Sarah Chiwaya of Curvily, a fashion blog for women with curves, knows about style. She takes a photo of her fashionable ensembles every day for her blog and knows where to find the greatest sample sales.
Curvily also encourages positive body image and encourages her readers to wear whatever they like as long as they feel great. So someone started thinking it was odd that although plus-size women are fashionistas too, there are far fewer options for them at major retailers.
“When some brands move into plus, they throw their signature trendy looks by the wayside in favor of flowy dark fabrics that they think “work” for plus sizes,” Chiwaya wrote on Curvily. “Plus size women want color, print, and structure. Moreover, we want variety.”
She has started a movement: #plussizeplease, to inform retailers about the unfair practices they employ while outfitting “straight sized” customers and ignoring their curvy shoppers. While out browsing the racks, fashion-savvy plus-sized women are encouraged to snap a picture of any piece — be it dress, top, pants or swimwear — and tag or mention the retailer, requesting the item in plus sizes using the hashtag “plus size please.”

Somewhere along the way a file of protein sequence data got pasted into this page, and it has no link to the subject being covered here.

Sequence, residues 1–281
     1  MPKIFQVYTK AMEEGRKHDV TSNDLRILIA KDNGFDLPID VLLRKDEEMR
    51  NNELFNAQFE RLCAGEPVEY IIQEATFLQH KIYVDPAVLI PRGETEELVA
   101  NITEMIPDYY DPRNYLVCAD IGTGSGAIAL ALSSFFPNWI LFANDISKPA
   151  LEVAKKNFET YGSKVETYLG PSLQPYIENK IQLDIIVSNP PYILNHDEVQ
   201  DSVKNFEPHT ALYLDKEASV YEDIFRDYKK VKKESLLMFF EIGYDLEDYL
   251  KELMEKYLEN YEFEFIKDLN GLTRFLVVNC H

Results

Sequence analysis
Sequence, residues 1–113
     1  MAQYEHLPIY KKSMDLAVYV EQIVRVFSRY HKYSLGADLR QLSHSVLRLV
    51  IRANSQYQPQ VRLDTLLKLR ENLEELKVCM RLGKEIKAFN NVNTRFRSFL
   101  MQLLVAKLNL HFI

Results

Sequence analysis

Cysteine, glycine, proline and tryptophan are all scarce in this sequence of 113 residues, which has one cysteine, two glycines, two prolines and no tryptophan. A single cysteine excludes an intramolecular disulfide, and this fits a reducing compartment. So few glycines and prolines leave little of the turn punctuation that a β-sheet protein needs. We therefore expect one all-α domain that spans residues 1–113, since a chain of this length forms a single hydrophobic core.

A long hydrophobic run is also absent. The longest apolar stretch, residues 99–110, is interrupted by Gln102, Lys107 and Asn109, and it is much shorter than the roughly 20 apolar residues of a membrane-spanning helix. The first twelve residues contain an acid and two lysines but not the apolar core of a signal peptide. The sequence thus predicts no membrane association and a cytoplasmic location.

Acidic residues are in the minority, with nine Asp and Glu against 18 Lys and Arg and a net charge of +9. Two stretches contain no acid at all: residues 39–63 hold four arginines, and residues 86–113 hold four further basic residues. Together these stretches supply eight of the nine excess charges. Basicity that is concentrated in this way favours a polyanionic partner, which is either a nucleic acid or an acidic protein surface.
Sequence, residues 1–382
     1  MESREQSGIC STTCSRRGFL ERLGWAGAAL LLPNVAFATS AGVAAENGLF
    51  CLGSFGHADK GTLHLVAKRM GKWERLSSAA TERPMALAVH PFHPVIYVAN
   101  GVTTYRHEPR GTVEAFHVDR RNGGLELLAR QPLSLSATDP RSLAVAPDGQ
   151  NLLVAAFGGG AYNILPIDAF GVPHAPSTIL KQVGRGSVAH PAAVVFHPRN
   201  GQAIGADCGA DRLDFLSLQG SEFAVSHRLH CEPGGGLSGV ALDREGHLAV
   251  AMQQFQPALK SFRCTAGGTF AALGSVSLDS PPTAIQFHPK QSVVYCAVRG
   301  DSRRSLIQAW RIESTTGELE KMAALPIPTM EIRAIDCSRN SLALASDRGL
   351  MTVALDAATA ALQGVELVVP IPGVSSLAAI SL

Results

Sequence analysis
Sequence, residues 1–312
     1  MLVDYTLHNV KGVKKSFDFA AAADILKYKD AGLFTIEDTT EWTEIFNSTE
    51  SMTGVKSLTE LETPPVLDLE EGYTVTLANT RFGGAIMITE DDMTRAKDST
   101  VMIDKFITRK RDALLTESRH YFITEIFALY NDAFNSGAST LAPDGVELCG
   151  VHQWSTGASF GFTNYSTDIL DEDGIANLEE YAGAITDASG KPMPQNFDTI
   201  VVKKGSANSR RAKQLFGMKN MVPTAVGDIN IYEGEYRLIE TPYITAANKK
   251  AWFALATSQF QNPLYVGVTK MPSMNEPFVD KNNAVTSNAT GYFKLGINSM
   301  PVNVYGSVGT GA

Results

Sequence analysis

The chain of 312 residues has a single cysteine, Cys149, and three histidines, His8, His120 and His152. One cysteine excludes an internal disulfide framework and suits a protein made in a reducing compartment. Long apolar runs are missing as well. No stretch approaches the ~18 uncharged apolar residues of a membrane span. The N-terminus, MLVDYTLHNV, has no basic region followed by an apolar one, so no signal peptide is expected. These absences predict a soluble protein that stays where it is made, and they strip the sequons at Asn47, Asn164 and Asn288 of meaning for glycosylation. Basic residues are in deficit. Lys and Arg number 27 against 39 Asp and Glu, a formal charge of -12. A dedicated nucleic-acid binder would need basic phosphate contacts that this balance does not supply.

And it makes sense for retailers to comply. ModCloth, retailer of dresses and heels and all things girly, surveyed over 5,000 American women ages 15-65 and discovered that 57 percent of those surveyed buy clothes in size 16 or larger. According to the Los Angeles Times, the average U.S. woman weighs 162.9 pounds and wears a size 14.
Despite these numbers, many stores only carry up to a size 12, with anything larger found online. Some will even hide their larger sizes in the stock rooms, unwilling to display them on the floor.
“That leaves style-loving full-figured women with a clutch of plus-size chains including Lane Bryant, Fashion Bug, Avenue and Torrid,” the L.A. Times said. “Or big-box stores such as Target, Kohl's and Wal-Mart, the No. 1 seller of plus-size apparel in the country — though most of its selection consists of basic, often matronly items.”